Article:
Building 5G IoT on the Solid Foundation of LTE IoT

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Why It Makes Sense to Invest in LTE IoT Today to Secure Leadership in 5G IoT Tomorrow

Executive Summary

The first commercial 5G mobile broadband networks are getting off the ground, and the first devices are coming to market. Now, industry leaders’ focus is shifting toward exploring what’s next. 5G Internet of Things (IoT) is the next major opportunity for the cellular industry.

Juniper Research forecasts a 1,200% increase in low-power wide-area network (LPWAN) IoT connections by 2026. While 5G NR (New Radio) IoT standards are taking root, LTE IoT has built a strong foundation to support most connections.

Take 5G for a Test Drive

5G IoT is composed of massive IoT and mission-critical services. It capitalizes on this foundation and takes performance to a new level. 5G allows a very high density of devices, ultralow latency and extreme reliability.

LTE IoT comprises enhanced machine-type communication (eMTC, aka LTE-M) and narrowband IoT (NB-IoT). It offers the best suite of technologies for LPWAN IoT applications and services. LTE IoT supports a broad range of IoT use cases. These include low-data-rate, latency-tolerant sensors and data-intensive mobile devices that support voice and require low latency (e.g., health care wearables and video monitors).

These technologies are evolving and continuously improving performance, laying the foundation for 5G massive IoT. 5G New Radio (NR), the new radio interface for 5G, has in-band support for LTE and is fully backward compatible. Today’s LTE IoT devices will seamlessly transition as networks are upgraded to 5G NR.

LTE IoT: The Key to 5G IoT Success

A nighttime view of a cell tower with 5GT superimposed in front of it and curved lines emanating from the top

LTE IoT has established a solid base, and the ecosystem is growing. According to the Global Suppliers Association (GSA), as of March 2023, 168 operators were investing in either eMTC, NB-IoT or both.

From a standards perspective, most of today’s networks are based on 3GPP Release (Rel) 13 specifications. Rel 14 and 15 specifications enhanced LTE IoT. 3GPP Rel 16 defines 5G IoT, both massive IoT and mission-critical services. Rel 17 will improve performance by introducing non-terrestrial networks and closing the mid-speed gap with reduced capability (RedCap).

As evident, LTE IoT will be the key to success in 5G IoT. Industry participants who envision being leaders in IoT must continue to invest in LTE IoT. If they don’t, they risk losing their market leadership to competition.

The 3 Tracks of 5G

5G has been the most visible and marketed cellular technology ever. 5G’s popularity can be illustrated by how fast it has achieved strong global traction from nearly everyone in the cellular industry, including:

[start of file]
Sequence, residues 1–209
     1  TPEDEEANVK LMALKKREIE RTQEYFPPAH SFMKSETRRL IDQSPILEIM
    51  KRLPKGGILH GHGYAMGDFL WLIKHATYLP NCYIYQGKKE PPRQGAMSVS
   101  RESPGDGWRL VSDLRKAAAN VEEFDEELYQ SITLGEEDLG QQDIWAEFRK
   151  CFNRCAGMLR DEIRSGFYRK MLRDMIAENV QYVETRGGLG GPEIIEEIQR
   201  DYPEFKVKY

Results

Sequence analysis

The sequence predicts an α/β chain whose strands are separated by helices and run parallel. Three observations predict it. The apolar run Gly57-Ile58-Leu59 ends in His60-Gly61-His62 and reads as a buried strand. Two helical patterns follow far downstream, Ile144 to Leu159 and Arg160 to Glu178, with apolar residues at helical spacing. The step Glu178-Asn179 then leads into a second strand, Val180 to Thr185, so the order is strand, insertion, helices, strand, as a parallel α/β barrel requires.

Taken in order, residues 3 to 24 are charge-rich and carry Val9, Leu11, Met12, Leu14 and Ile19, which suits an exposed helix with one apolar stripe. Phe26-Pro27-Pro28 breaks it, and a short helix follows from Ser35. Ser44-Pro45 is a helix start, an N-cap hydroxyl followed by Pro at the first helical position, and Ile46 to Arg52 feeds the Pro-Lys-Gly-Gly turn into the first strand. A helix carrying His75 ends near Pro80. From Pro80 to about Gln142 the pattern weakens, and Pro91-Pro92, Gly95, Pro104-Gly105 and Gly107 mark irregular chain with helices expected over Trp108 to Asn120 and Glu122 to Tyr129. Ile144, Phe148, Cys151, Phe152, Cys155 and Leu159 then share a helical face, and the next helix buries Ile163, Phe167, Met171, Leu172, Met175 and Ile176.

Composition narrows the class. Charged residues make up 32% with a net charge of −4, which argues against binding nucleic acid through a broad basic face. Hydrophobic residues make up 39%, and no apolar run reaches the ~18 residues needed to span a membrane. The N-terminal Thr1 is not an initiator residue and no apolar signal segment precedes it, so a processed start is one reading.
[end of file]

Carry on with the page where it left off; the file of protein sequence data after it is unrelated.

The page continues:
• Regulators
  • Operators
  • Infrastructure vendors
  • Device OEMs

By the end of January 2023, GSA reported that 519 operators in 156 countries were investing in 5G, and 239 operators in 95 countries had launched 5G services.

5G promises to be the most dominant wireless technology ever. It will touch almost everyone’s lives and transform nearly every industry. Qualcomm, the dominant 5G player, estimates that 5G’s total impact will reach $13.1 trillion in 2035.

Such a large undertaking can’t be accomplished quickly or in one step. 5G commercialization efforts are focused on three tracks, as shown in Figure 1:

  1. Enhanced mobile broadband
  2. Massive IoT  
  3. Mission-critical services
The three tracks of 5G include the massive Internet of Things, mission critical control and enhanced mobile broadband.
Figure 1: Three tracks of 5G.

1. Enhanced Mobile Broadband (eMBB)

5G offers gigabit data speeds and huge capacity. That means immersive always-on connectivity wherever you go and consistent fiber-like speeds no matter how crowded the networks are. The networks will use a combination of sub-6 GHz bands for expansive coverage and bandwidth-rich millimeter wave (mmWave) bands for ultrahigh speeds.

All 5G deployments underway primarily offer eMBB to support smartphones and other consumer and enterprise data devices. The initial set of services includes:

  • Ultrahigh-speed mobile broadband
  • New existing services, such as virtual and augmented reality (VR and AR)
  • Fixed broadband services for residential and enterprises

5G eMBB’s speeds and capacity will empower, inspire and challenge the large app developer community to develop innovative and exciting applications and services.

5G networks are being built and services are rolling out. However, when users move out of 5G coverage areas, the underlying Gigabit LTE network will continue to be the fallback option. So, it is important to evolve your enterprise networks and devices to newer versions of LTE.